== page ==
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Stripped To Fight Her Demons

Stripped To Fight Her Demons

On Monday morning Maggie’s beaten up SUV pulled up to a Chase branch in West Los Angeles. She wore a blue midi dress and her hair up in a bun. As soon as the last customer stepped out she pulled $200 cash in $1 bills out of her purse and got cosy in front of the ATM. It was gonna take time.

As she started feeding her earnings into the ATM machine her thoughts trailed back to the yesterday’s night. To the inconspicuous grey box at the end of Hollywood blvd where Hollywood meets Vermont. Where leopard love seats mingle with red curtains and neon lamps to create a specific type of ambiance. The one of adult entertainment.

Sticking nipple petals on her breasts was difficult-ish. Her fingers shook as she peeled the backing off. She even ripped the silicon a little. Simultaneously she was looking for her name on a piece of paper pinned to the mirror. She found herself right after the recently divorced mother of two and right before the former cocaine addict, and then again, two more times, her name placed in between two names of other women pummeled by life in one way or another. Her throat was, for some reason, sore, like she’d just screamed for hours at a rock concert. “You got this,” her mind persisted, but her body seemed to disagree.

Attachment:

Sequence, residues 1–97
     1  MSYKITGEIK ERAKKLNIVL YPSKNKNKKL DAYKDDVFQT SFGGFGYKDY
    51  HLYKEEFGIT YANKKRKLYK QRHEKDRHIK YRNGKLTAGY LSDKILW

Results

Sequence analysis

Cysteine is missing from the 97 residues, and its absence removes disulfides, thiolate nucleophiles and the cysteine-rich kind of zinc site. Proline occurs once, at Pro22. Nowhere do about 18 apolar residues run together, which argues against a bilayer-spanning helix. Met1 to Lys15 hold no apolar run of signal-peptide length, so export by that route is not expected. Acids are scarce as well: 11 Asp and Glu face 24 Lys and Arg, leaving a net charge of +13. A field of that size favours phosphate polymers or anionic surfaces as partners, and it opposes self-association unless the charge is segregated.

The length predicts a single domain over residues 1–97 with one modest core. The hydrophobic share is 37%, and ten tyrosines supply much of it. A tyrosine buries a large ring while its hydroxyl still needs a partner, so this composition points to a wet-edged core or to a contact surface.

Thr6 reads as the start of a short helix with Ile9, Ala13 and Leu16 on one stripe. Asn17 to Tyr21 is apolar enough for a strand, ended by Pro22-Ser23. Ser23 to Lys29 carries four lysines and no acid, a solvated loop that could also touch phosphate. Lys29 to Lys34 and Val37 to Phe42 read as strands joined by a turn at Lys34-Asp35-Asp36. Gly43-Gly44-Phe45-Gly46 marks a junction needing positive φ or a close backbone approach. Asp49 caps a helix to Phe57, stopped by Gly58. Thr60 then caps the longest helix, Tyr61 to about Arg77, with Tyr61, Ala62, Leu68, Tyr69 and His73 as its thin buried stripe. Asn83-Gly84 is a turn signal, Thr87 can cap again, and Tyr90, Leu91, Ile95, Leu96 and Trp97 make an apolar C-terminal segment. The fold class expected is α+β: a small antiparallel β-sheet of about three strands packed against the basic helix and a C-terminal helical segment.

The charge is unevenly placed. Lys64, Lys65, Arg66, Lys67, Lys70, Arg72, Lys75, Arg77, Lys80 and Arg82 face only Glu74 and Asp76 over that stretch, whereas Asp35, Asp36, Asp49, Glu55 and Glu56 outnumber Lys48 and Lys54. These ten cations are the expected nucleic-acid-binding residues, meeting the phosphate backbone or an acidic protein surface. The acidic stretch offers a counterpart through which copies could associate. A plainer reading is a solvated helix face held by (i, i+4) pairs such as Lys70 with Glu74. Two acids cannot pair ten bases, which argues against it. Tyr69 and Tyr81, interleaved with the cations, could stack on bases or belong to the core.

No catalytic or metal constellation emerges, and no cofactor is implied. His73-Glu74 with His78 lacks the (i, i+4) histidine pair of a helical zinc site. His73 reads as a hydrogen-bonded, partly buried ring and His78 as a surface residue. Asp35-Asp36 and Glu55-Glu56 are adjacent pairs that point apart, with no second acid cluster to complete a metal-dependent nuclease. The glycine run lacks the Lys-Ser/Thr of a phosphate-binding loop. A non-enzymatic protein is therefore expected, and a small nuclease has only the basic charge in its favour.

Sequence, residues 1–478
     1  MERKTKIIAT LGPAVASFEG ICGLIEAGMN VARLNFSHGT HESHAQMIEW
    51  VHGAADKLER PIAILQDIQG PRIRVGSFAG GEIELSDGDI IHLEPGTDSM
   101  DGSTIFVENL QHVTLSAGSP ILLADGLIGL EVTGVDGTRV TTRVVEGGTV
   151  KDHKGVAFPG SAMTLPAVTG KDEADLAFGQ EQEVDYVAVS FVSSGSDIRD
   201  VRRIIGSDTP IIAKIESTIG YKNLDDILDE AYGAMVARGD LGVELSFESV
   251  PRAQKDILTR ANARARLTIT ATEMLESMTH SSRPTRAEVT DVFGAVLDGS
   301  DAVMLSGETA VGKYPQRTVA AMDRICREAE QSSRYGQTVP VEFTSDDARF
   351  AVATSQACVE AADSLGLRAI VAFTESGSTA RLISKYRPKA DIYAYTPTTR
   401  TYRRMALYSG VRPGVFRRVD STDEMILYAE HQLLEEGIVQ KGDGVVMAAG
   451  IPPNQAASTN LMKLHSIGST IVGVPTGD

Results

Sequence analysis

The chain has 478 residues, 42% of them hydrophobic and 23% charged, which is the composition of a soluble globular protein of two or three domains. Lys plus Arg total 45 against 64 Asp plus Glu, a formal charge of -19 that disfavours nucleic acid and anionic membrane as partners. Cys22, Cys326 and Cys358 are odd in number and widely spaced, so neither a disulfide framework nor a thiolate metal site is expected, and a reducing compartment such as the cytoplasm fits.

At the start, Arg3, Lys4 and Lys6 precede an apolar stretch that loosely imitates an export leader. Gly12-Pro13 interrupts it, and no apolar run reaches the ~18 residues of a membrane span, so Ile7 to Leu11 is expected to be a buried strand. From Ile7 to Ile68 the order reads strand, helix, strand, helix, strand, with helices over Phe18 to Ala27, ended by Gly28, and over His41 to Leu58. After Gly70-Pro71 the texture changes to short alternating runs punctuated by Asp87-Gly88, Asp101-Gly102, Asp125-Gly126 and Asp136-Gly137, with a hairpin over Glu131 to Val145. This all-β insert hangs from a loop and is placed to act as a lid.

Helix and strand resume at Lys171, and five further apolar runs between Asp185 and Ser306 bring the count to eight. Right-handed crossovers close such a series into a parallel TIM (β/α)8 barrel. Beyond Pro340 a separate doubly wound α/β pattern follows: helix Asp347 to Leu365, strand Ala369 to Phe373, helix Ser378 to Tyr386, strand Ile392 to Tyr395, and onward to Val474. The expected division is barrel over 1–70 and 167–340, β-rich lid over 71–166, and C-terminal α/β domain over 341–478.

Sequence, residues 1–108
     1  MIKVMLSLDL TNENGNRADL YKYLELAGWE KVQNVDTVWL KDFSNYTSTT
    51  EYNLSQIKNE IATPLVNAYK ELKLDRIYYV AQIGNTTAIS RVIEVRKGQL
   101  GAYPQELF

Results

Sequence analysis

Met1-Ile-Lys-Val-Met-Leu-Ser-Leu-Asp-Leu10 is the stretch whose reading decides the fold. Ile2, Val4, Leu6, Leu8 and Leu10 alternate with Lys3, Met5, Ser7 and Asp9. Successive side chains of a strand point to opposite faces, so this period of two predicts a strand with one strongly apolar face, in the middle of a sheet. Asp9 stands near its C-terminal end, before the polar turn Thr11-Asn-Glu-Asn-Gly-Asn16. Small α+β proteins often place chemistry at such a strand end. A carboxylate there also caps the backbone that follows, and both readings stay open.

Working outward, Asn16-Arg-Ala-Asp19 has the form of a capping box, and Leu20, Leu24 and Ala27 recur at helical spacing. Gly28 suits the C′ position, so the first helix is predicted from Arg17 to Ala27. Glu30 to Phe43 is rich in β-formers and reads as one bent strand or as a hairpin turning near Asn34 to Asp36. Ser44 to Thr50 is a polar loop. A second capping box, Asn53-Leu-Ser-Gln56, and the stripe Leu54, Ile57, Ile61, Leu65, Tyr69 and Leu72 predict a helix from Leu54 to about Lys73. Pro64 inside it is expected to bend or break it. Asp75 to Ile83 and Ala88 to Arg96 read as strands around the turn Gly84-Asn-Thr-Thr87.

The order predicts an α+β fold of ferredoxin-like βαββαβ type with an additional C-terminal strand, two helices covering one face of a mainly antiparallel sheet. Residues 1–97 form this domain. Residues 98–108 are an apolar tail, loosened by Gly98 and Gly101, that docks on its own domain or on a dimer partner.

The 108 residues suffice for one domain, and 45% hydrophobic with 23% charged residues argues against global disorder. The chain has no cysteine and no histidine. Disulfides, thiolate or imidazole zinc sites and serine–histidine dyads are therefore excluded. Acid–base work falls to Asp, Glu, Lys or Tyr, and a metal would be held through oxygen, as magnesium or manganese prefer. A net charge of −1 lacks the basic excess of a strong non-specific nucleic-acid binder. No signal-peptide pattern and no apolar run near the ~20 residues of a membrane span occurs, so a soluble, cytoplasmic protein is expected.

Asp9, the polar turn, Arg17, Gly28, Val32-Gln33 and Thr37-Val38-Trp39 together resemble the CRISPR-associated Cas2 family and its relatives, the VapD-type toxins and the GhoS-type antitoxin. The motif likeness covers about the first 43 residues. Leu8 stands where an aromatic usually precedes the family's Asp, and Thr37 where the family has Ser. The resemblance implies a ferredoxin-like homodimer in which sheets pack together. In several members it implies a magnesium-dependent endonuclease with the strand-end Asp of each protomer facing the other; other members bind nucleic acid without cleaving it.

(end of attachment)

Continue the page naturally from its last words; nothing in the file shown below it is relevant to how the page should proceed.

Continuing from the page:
She finished adjusting her space-themed outfit and assessed her pasties job in the mirror. The outlines of petals were clearly seen through the foil. “They look awful”, she sighed. “They always do,” giggled the chatty blonde in blue, whose act was that massive twerking routine with samurai swords, hence her stage name — Katana. A lawyer by date, stripper in her younger years, she was sure Katana had some sort of early age trauma, because everyone here did, including herself.

She’d taken a selfie in the car when she’d parked. She did her best job to produce a genuine smile, and it kind of worked, but if scrutinized closely, the illusion vanished. Under a thick layer of foundation and massive false lashes, her dolled up face looked like a mask of terror. She pulled down her beanie, unbuckled herself and walked inside.

When she arrived the strip club was empty, echoey. A completely darkened lights out bar and empty red velvet booths, all lit by neon. The stage represented a narrow strip with the glossy floor. A pole on each of the ends and a platform in the back. It was surrounded by the rail and red stools for the “tipping customers”.

“You got that, you got that, you got that milk money / I got that, I got that, I got that MILF money”